In order to stop this from making the game too easy, these slashes can only move you diagonally up or down, depending on the angle you attack from. Often the angle you start from will lead to your death if you’re too hasty. Because of this, extended platforming sections felt more like playing a rhythm game than a traditional platformer. I’d have to let Specter Knight fall a ways before attacking in order to time a dash right. One of my favorite platforming challenges used this to great effect, as I had to use Specter’s other new ability, a wall run, to catch up to a single moving object before jumping off and falling in order to dash higher up on the wall. This was only one part of a much larger challenge, but the moment never ceased to entertain me.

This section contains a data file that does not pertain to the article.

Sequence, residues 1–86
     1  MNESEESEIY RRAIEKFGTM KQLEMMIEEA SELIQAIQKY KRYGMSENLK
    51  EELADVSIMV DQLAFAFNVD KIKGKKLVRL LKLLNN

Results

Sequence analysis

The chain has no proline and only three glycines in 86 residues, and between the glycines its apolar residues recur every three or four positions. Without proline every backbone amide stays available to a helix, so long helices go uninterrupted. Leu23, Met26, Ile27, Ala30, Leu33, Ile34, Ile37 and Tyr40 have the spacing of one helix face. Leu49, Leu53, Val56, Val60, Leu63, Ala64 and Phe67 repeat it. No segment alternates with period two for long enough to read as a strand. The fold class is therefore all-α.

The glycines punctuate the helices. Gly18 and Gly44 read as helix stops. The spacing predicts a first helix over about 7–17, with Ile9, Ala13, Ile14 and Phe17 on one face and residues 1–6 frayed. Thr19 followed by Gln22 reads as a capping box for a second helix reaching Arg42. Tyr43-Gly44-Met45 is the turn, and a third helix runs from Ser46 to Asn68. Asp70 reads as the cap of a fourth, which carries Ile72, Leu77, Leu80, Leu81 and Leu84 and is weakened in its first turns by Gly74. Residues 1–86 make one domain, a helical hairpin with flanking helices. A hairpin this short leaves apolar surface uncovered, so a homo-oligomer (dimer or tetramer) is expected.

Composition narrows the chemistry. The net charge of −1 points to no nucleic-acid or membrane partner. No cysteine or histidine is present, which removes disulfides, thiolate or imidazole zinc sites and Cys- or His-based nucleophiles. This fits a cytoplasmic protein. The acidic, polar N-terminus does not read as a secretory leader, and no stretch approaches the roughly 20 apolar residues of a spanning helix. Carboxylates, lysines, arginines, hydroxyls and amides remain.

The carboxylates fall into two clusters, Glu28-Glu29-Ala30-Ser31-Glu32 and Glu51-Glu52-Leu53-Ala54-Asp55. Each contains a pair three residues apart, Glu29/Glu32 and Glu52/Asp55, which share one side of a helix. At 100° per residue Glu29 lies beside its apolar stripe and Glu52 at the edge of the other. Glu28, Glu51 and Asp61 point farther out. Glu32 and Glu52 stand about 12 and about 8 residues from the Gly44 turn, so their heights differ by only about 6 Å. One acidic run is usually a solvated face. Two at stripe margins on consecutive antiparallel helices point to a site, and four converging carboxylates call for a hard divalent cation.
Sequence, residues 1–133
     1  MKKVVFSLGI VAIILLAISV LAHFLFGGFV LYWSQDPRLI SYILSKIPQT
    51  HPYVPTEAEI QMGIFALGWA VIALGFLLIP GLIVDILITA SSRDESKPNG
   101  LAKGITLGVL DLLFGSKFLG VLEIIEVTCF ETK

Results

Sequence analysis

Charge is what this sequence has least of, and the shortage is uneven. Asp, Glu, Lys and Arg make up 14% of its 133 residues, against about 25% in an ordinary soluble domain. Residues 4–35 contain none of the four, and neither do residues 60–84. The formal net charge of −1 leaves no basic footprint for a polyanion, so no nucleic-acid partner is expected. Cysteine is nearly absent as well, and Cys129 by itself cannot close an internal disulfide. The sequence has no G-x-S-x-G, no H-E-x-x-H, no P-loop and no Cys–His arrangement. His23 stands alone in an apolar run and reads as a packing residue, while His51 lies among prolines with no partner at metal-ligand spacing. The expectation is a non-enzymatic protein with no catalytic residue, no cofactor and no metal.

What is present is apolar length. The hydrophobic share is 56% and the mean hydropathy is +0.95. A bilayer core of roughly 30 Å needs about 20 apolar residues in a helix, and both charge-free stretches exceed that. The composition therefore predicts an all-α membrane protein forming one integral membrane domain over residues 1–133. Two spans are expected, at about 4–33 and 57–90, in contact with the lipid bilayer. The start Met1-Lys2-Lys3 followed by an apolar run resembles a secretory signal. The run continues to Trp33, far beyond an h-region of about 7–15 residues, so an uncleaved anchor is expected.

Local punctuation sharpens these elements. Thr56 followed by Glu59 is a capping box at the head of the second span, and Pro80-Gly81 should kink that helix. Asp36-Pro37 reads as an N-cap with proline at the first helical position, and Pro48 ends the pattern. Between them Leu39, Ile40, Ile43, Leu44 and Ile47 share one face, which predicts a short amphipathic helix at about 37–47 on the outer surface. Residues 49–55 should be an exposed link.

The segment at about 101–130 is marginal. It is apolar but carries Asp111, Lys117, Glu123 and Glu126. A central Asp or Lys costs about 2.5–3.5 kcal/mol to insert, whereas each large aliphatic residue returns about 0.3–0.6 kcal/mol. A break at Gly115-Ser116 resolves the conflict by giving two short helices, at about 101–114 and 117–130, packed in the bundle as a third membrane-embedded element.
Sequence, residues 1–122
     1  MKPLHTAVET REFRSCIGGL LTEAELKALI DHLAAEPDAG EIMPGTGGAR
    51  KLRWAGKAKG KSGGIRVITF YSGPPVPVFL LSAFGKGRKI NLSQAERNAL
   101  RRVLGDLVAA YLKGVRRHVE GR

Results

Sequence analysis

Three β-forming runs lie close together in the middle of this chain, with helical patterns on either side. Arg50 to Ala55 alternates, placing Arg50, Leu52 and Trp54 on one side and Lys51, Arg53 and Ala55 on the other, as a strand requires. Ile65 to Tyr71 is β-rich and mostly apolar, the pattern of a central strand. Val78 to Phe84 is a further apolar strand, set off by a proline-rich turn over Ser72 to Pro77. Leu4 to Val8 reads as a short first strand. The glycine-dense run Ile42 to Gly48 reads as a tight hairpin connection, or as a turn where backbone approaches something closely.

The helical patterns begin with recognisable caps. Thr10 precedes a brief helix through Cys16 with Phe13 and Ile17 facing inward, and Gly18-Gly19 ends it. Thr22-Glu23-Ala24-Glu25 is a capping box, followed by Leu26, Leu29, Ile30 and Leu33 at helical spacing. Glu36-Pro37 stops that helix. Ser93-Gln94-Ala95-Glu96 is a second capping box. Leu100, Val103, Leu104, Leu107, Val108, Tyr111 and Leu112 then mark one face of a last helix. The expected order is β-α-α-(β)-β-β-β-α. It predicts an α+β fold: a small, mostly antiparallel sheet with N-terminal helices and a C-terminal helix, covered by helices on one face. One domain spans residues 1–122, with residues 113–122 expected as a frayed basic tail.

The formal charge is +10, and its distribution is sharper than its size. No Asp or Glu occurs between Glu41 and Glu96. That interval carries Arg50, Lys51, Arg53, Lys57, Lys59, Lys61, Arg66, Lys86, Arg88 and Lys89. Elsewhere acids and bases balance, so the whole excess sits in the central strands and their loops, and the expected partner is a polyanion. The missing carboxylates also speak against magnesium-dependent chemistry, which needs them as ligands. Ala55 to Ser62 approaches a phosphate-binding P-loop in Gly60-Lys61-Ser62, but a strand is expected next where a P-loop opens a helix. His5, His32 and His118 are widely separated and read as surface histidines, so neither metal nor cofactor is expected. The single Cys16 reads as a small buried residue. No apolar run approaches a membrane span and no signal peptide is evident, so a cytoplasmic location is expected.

Specter of Torment constantly finds ways to breath new life into level specific obstetrical that make each level feel both fresh and familiar

Thankfully the levels take full advantage of the new abilities. Unlike in Plague of Shadows where you played through mostly the same levels with only slight changes, here every level receives a top to bottom redesign. You fight the same bosses (with one exception), but even these fights have been altered to accommodate the new play style, and this is where the first of my few issues come in. First off, level selection.